Man's death at outer harbour site was an accident, jury concludes

Picture of rig decommissioning site in Great Yarmouth shown to the jury at the inquest into the death of Stephen Picken

The decommissioning and recycling site in Great Yarmouth where Stephen Picken died in October 2019. The image is one of a number shown to the inquest jury sworn in on June 21, 2022. - Credit: supplied by Norfolk Coroners Court

The death of a man who fell up to 14m while dismantling part of an oil rig was accidental, an inquest jury has concluded.

Stephen Picken, 62, from Stoke-on-Trent, was working at the Veolia decommissioning site at Great Yarmouth's outer harbour in October 2019 when the elevated platform he was working from was hit "with some force" by a structure toppling backwards.

He died at the scene from multiple injuries.

Picture of rig decommissioning site in Great Yarmouth shown to the jury at the inquest into the death of Stephen Picken

A picture shown to the jury at the inquest into the death of Stephen Picken, an experienced 'top burner' who died while dismantling parts of an oil rig in Great Yarmouth in October 2019. - Credit: supplied by Norfolk Coroners Court

The inquest held at the Norfolk Coroner's Court in Norwich heard evidence over seven days, the jury reaching its conclusion on Tuesday, June 28.

It heard Mr Picken, known as Chic, was regarded as among the best in the country at what he did and was well respected in the industry.

The dangerous work he was doing involved dismantling parts of oil rigs, specifically jackets - the structures that support platforms - and also their overhangs or stabilisers.

The court heard that on the day of the accident he was cutting through an overhang which toppled backwards, hitting the cherry picker he was working from and throwing him from the basket.

Picture of rig decommissioning site in Great Yarmouth shown to the jury at the inquest into the death of Stephen Picken

One of the images shown to the jury at Stephen Picken's inquest showing the structures he was working to dismantle at the time of his death in October 2019. - Credit: supplied by Norfolk Coroners Court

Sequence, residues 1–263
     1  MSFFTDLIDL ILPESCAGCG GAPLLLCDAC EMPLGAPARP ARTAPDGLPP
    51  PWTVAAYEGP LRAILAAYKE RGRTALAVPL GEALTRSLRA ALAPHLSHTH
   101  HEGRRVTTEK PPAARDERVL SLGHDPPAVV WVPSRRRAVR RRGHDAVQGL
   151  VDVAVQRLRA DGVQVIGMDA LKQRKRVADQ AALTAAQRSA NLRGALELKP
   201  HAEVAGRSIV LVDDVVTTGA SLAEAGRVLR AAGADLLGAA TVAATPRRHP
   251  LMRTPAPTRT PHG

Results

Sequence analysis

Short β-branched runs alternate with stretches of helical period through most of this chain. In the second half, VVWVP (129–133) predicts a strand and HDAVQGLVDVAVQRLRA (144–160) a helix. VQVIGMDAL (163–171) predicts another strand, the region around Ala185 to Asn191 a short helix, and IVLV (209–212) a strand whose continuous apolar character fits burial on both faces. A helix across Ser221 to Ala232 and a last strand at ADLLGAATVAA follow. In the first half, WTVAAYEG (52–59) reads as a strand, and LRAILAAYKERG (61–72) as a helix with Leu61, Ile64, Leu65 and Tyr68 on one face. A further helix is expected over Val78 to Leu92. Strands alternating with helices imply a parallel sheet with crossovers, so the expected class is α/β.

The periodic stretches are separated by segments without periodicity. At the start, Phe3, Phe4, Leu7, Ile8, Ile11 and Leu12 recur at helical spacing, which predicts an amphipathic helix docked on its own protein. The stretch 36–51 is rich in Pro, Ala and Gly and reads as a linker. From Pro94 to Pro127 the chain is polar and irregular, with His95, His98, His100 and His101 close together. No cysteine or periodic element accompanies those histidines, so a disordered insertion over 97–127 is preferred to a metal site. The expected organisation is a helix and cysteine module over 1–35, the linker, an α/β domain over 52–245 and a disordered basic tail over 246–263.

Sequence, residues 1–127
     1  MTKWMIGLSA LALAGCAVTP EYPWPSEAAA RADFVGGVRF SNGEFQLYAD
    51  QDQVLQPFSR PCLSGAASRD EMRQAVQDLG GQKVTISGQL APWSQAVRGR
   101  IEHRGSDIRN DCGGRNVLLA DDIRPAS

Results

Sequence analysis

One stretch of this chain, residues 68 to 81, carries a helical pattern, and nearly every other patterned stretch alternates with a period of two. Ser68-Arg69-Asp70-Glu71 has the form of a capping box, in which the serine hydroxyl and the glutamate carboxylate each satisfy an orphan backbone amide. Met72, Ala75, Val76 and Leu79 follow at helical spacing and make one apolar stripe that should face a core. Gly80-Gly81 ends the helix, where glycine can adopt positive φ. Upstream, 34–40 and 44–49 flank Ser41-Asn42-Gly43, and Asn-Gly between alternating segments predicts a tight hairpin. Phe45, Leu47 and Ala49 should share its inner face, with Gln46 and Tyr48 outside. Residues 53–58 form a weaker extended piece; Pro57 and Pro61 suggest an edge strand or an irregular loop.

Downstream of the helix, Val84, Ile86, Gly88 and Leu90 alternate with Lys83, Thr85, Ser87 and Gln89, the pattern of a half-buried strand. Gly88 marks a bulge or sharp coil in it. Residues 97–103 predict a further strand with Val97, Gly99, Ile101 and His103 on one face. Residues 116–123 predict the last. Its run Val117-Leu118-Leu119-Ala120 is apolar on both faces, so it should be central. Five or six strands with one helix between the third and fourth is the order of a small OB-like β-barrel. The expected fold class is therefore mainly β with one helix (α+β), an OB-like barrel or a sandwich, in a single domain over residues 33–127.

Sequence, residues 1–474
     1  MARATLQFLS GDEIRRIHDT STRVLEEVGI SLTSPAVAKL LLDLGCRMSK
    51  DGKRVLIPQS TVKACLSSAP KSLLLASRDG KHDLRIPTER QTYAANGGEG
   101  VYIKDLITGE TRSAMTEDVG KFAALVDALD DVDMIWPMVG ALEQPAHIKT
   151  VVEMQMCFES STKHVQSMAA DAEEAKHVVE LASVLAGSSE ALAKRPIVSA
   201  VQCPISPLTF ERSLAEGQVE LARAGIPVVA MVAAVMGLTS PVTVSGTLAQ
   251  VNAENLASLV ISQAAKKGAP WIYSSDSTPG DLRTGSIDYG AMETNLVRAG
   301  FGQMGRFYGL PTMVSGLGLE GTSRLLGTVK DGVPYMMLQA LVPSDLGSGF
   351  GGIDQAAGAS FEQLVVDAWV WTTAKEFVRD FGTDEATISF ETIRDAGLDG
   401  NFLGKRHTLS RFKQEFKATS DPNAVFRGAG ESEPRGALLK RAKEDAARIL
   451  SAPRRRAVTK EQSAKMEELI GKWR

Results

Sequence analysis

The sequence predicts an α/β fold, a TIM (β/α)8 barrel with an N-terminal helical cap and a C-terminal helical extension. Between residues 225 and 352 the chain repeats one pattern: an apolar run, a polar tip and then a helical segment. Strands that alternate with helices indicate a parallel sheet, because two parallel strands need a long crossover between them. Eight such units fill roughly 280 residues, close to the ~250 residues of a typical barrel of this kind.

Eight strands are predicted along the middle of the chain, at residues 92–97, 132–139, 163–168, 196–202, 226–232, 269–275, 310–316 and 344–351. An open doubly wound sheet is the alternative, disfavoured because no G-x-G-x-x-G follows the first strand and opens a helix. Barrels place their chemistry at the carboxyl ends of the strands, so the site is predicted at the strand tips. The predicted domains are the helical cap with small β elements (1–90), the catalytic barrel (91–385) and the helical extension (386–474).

It heard the work was considered "straight forward" ahead of the more complex task of dismantling the jacket.

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Summing up the evidence senior coroner Jacqueline Lake said there were procedures in place for risk assessments and method statements (RAMs) but they did not provide details for the position of the mobile platform.

While hinge cuts were talked about in the method statement, it was sit cuts that were carried out.

Picture of rig decommissioning site in Great Yarmouth shown to the jury at the inquest into the death of Stephen Picken

An aerial view of the rig 'jackets' that Stephen Picken was working to dismantle at the time of his death in Great Yarmouth in October 2019. The image is one of a number shown to the jury at his inquest. - Credit: supplied by Norfolk Coroners Court

And work permits to do with working at height and carrying out "hot work" were also not issued.

Richard Hulland, chief risk and assurance officer with Veolia, said the company had made improvements to its safety procedures introducing new minimum requirements.

The company had also introduced "methodology sequencing" with 3D modelling, which was more visual.

The new systems would tackle issues raised during the inquest which included the issuing of work permits, management, and supervision, Mr Hulland said, adding that the company was "absolutely devastated" by Mr Picken's death.

Mrs Lake said she was satisfied by the steps taken to stop anything similar happening again, and stopped short of issuing a prevention of future deaths report.

She offered her condolences to Mr Picken's wife Gail. The couple had hoped to retire to Fuerteventura.